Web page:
- Jul 7, 2020
Two public statues of Spanish conqueror Juan de Oñate in New Mexico are drawing renewed attention and criticism as memorials erected in honor of Confederate leaders and other historical figures worldwide become a focus of protests.
Many of the fundamental historical questions surrounding the Protestant Reformation remain open, and one little-known 16th century Italian scholar might be a key to finding answers. Onofrio Panvinio was an Augustinian friar who traveled across Italy to search out the documentation surrounding the history of the papacy.
Mary Ziegler is the Stearns Weaver Miller Professor at Florida State University College of Law. Pulitzer Prize winning historian David Garrow has called her “the premier historian of abortion in the post-Roe era.”
Correspondence can reveal a lot about periods of history and the letters written by popes during the Black Death are no exception. These documents, often responses to questions, provide a window into a long-ago era that is getting renewed attention amid today’s coronavirus pandemic.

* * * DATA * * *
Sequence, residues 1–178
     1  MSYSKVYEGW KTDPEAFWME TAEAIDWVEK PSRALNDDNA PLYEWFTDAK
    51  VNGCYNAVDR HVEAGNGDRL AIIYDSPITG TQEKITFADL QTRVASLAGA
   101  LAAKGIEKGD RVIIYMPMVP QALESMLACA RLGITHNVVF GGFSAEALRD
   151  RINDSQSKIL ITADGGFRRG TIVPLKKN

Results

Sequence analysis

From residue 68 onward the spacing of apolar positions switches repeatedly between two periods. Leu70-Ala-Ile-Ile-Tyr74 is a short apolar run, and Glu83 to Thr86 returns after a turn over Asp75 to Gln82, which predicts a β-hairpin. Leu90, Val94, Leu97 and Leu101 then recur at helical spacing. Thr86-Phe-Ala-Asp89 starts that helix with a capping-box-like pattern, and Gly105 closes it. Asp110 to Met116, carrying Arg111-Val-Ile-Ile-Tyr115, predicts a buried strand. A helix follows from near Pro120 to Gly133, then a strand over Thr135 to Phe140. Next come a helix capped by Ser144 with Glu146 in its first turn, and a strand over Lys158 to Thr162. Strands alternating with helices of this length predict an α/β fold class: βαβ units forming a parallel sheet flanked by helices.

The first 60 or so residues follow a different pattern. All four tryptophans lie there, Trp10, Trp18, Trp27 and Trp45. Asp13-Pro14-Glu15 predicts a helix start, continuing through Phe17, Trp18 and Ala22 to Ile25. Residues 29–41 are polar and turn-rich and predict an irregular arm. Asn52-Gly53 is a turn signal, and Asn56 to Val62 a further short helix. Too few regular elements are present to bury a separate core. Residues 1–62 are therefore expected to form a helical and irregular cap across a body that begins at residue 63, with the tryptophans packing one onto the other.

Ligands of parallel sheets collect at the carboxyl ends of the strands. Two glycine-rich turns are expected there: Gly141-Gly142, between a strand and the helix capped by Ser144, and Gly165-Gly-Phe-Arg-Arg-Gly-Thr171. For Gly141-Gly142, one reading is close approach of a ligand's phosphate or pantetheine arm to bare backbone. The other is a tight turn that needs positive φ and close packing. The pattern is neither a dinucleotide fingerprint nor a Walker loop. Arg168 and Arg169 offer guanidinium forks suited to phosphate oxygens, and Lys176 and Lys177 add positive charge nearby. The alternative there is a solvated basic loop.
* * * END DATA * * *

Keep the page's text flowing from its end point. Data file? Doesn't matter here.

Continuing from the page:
In the dark of night June 17, 1887, a mob lynched Benjamin Hance, hanging the 22-year-old African American man from the branch of a witch-hazel tree near the road to Newtown Neck in Leonardtown. About 140 people gathered at the site in southern Maryland Nov. 1 in a solemn ceremony to remember Hance and to commit themselves to working for racial justice.
Eight centuries ago, St. Francis of Assisi took a risk when he crossed the battlefield between Crusader and Muslim forces near Damietta, Egypt, desiring to meet Sultan al-Malik al-Kamil and preach his faith in Jesus Christ.